Holy and Unholy


#1

I followed a series of lectures from Yale on the Hebrew Bible.

The point was made that when something unholy came into contact with something holy, that which was holy is now considered defiled or unclean.

Why?

Surely the power of the Holy is greater than the power of the unholy?

Thoughts?

Sarah x :slight_smile:


#2

It’s not about power. You might benefit from reading Mircea Eliade’s The Sacred and the Profane, or for a shorter treatment, this blog article: bonald.wordpress.com/in-defense-of-religion/religion-and-the-sacred/. If you prefer a more sociological (and in my opinion, drier) take on it, Emil Durkheim wrote a good bit on the topic as well.

To be sacred or holy is to be set apart from the world. When a thing that is set apart from the world come into contact with a thing that is of the world, it ceases (pretty much by definition) being set apart from the world. “Unholy” or “unclean” is one way of thinking about such things, but I prefer “profane.” Profane is not necessarily bad. It literally means “outside the fane,” i.e., outside the temple. My job (as a statistician/researcher) is profane, even though it’s not evil, because there is nothing otherworldly about it.


#3

It was not that the Holy was not greater than the unholy as you put it -but that humanity needed to learn and know the difference (though this too needed further work - since man went too far one can say in such…as Jesus then brought to fulfillment and correction).

After the fall of man - the pedagogy of God was a slow process step by step forward… until the time was right for the incarnation of the Logos (Jesus Christ the Son of God). So his people had to come to realize the reality of God, of Holiness, of being set apart from the corruption that had spread through civilization.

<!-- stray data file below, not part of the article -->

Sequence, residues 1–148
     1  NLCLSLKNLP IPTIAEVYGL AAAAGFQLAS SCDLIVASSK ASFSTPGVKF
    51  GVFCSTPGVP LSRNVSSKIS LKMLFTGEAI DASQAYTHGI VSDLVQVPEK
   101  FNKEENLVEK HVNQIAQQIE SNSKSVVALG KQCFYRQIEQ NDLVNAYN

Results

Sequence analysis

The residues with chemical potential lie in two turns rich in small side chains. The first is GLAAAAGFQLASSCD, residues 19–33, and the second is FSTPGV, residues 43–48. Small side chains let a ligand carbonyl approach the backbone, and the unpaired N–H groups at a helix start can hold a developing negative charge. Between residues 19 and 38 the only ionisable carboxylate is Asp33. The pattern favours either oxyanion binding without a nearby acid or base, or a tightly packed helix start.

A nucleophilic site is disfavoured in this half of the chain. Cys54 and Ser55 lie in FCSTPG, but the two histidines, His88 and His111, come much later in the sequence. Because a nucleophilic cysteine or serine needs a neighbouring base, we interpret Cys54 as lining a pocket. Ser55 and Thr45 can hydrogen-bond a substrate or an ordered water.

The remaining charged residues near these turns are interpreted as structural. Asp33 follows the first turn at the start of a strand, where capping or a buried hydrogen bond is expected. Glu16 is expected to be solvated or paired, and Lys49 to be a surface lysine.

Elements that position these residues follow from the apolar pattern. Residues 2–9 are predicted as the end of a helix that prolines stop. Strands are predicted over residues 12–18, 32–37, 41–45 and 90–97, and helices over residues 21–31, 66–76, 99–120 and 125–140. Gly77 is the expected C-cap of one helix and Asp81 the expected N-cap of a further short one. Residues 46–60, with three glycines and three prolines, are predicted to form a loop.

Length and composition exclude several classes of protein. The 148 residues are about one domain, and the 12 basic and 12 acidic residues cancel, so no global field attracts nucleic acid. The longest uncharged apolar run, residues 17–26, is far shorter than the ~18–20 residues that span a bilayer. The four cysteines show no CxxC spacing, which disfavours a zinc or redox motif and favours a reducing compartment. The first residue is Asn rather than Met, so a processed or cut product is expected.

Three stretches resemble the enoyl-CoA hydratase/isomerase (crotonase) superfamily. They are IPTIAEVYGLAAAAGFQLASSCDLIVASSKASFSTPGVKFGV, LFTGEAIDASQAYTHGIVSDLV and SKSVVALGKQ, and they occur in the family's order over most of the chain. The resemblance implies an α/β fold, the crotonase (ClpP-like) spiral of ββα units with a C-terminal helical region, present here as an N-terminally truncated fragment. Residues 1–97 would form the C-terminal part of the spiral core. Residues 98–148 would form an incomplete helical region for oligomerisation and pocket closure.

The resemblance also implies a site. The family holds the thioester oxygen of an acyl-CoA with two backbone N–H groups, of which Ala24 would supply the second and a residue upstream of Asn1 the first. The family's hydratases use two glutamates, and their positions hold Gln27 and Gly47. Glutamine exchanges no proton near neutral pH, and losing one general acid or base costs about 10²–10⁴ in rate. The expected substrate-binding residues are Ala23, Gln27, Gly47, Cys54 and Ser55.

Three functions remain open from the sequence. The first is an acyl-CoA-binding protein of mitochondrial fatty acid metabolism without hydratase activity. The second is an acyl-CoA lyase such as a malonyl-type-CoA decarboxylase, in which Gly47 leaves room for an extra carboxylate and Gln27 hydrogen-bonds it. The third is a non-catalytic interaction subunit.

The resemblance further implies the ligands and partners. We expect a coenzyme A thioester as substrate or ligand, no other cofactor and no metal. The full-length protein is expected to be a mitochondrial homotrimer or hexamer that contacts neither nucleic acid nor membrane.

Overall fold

Catechism:

53 The divine plan of Revelation is realized simultaneously “by deeds and words which are intrinsically bound up with each other” and shed light on each another. It involves a specific divine pedagogy: God communicates himself to man gradually. He prepares him to welcome by stages the supernatural Revelation that is to culminate in the person and mission of the incarnate Word, Jesus Christ.

St. Irenaeus of Lyons repeatedly speaks of this divine pedagogy using the image of God and man becoming accustomed to one another: The Word of God dwelt in man and became the Son of man in order to accustom man to perceive God and to accustom God to dwell in man, according to the Father's pleasure.

scborromeo.org/ccc/ccc_toc.htm


#4

Thank you.

That’s very helpful.

I was thinking in terms of power or ability to influence/

As you describe it, that makes more sense.

Sarah x :slight_smile:


#5

Thank you Bookcat.

Same idea of the Holy being set apart.

I can understand this concept more readily than I could when I was thinking in terms of having the ‘power’ to defile.

Sarah x :slight_smile:


#6

Also keep in mind that a series from Harvard - is a series from Harvard. Not a series from say a Pontifical University in Rome that is concentrated on the subject and carries with it the benefit of 2000 years of meditation and intellectual thought and prayer.


#7

Not even Harvard, but – eep! :eek: – Yale!

Thurston Howell must be spinning in his grave.


#8

Oh oh…

Yes. Yale.

(though I will add that they did a splendid complete works of St. Thomas More at Yale…)


closed #9

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